JEFFERSON CITY, Mo. — A Missouri primary that lacks competition for the only statewide office on the ballot nonetheless has generated considerable attention because of proposals seeking to raise taxes for transportation and create constitutional protections for farmers.
The biggest item being decided in Tuesday's primary is the proposed Constitutional Amendment 7, which would levy a three-quarters cent sales tax to fund more than 800 highway and transportation projects over the next decade.
If approved, it's projected to generate at least $540 million annually, making it Missouri's largest-ever tax increase. The measure also would mark a historic shift for a state that has relied for nearly a century solely on user fees such as fuel and vehicle taxes to fund its highways.
The ballot technically features a race for Missouri auditor, but incumbent Tom Schweich is unopposed in the Republican primary and faces no Democratic opposition. Five of Missouri's eight U.S. House members face primaries against challengers with significantly less name recognition and money. Just one-fourth of the 180 state legislative seats up for election this year have primary contests.
With few headlining political races, the public attention has focused largely on the ballot issues.
Voters were weighing the need for more road funding — the state's highway budget is projected to drop to $325 million by 2017 from a recent high of $1.3 billion annually — against the cost of a tax hike that could push the total state and local sales tax to near 10 cents on a $1 in some areas.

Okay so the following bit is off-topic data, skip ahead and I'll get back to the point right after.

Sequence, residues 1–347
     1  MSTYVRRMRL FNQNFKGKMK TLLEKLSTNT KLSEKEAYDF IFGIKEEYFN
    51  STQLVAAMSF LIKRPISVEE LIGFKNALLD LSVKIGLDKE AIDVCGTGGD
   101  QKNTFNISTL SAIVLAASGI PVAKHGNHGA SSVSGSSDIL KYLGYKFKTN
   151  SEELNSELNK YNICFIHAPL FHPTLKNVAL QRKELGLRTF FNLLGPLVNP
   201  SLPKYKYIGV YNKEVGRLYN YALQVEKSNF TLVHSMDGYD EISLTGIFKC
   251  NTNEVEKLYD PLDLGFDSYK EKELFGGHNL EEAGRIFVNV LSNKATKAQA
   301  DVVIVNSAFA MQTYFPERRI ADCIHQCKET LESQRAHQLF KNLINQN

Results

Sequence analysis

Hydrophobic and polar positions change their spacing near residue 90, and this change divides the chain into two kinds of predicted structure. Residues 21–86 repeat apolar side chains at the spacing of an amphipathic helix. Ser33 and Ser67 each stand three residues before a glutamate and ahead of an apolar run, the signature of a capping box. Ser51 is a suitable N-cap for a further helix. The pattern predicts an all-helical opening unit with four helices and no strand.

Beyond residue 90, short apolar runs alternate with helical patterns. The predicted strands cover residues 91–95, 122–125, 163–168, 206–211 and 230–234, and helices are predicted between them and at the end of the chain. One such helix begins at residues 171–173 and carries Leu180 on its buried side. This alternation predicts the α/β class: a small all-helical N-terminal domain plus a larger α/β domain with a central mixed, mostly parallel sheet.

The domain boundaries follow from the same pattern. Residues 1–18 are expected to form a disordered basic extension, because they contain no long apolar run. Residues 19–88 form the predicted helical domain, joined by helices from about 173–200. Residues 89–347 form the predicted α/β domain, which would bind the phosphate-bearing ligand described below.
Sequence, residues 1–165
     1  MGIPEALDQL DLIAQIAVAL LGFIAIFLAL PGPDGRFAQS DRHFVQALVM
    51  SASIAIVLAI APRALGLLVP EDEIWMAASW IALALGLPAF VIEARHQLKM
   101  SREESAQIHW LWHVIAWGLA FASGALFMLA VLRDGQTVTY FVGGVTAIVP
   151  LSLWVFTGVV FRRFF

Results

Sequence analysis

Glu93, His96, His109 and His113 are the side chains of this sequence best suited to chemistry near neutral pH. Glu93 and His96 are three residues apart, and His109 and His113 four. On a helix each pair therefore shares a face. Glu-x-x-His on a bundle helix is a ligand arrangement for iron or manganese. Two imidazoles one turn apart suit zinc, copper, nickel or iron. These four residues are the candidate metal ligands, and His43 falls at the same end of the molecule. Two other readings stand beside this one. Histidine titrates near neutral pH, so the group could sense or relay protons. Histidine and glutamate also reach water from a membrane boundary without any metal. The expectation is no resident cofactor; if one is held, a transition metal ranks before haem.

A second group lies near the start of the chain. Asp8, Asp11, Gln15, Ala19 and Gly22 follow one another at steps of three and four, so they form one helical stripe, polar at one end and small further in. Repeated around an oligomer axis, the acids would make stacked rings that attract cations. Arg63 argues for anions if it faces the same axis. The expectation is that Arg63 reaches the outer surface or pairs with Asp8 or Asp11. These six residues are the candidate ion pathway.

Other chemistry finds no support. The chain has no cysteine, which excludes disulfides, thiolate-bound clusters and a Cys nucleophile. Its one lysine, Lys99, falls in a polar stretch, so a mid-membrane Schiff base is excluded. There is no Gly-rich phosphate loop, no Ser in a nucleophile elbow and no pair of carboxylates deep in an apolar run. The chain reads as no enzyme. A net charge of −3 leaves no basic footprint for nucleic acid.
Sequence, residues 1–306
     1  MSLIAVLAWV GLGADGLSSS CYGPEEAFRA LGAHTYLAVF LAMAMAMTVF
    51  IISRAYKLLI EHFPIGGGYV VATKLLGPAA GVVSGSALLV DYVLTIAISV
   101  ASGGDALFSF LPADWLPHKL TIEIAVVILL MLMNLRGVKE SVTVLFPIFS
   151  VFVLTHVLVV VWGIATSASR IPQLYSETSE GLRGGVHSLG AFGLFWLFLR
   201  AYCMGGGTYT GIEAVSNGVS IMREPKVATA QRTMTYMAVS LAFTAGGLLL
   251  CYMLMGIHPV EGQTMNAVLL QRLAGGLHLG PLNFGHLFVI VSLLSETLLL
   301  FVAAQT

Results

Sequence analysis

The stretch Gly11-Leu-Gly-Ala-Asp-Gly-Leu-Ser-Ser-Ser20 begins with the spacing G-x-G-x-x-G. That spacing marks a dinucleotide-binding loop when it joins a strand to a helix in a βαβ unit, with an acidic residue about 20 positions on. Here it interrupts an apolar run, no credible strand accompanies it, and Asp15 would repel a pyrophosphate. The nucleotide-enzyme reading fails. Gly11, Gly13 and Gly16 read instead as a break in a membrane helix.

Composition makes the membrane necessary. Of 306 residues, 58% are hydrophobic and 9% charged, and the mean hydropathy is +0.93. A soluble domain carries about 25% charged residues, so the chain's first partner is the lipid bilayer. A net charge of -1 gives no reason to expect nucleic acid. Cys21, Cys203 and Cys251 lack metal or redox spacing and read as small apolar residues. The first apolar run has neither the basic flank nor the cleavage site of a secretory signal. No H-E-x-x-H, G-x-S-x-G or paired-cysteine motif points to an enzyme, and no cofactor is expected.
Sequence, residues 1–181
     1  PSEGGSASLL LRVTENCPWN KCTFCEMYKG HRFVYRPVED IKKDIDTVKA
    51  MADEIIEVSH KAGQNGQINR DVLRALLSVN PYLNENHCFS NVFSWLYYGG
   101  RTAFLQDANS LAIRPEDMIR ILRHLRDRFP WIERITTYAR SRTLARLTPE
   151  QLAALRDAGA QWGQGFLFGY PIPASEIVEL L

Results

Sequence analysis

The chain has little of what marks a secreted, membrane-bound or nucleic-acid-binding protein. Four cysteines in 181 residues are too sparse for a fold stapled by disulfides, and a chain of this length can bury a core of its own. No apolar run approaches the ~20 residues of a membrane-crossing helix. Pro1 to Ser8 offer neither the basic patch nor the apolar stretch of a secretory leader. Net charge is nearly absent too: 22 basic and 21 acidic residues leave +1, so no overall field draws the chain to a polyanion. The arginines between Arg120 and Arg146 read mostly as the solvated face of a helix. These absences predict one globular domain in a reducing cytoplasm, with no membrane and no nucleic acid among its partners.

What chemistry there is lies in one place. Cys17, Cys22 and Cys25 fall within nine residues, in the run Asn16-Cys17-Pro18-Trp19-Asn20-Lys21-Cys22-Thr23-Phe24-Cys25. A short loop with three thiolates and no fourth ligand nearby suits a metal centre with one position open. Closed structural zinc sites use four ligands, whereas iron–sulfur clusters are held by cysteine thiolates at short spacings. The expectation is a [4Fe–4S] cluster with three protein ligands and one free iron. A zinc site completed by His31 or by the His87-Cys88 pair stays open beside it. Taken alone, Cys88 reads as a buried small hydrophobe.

Without additional money, the Missouri Department of Transportation has said it eventually won't be able to adequately maintain the state's roads and bridges, much less undertake major new projects.
"I voted 'yes' because our roads are a mess, our bridges are a mess," said Karen Gerbes, 52, a self-described "lunchroom lady" for Jefferson City public schools.
Others were more concerned about the source of the money.
"I think we've got enough taxes already, and I think they need to spend their money more wisely," said Jamie Owenbey, 50, a state worker from Jefferson City who voted "no."
Construction contractors, labor unions, engineering firms and others who stand to benefit from increased transportation spending have poured more than $4 million into the campaign for the sales tax. They had outspent opponents by a more than 100-to-1 ratio heading into the final weeks of the campaign.
The opposition consisted of general anti-tax activists, as well as others who fear the sales tax could hit the poor the hardest while demanding nothing from heavy highway users such as trucking companies who ship freight across the state.
Proposed Constitutional Amendment 1, which would create a right to farm, also generated more than $1 million of spending between supporters and opponents.
The measure was referred to the ballot by the Republican-led Legislature, which wants to head off the potential for future initiatives restricting the way animals are raised or limiting the use of genetically modified crops. The measure also drew support from some Democrats and was financed by the agricultural industry, including the state's corn, soybean and pork associations.
It was opposed by some farmers, animal activists and environmentalists who said the amendment could shield corporate agriculture from regulations. Much of the opposition's funding came from the Humane Society of the United States, which helped sponsor a 2010 ballot initiative imposing tougher restrictions on dog breeders.
If the amendment is adopted, Missouri would become just the second state — following North Dakota — to declare farming a constitutional right.
Other measures on Tuesday's ballot would enhance the state's constitutional right to keep and bear arms and expand constitutional search and seizure protections to cover electronic data such as cellphones.
Another ballot proposal would create a Missouri Lottery game to benefit veterans' nursing homes and cemeteries. All lottery proceeds not used for prizes or administration currently go to education.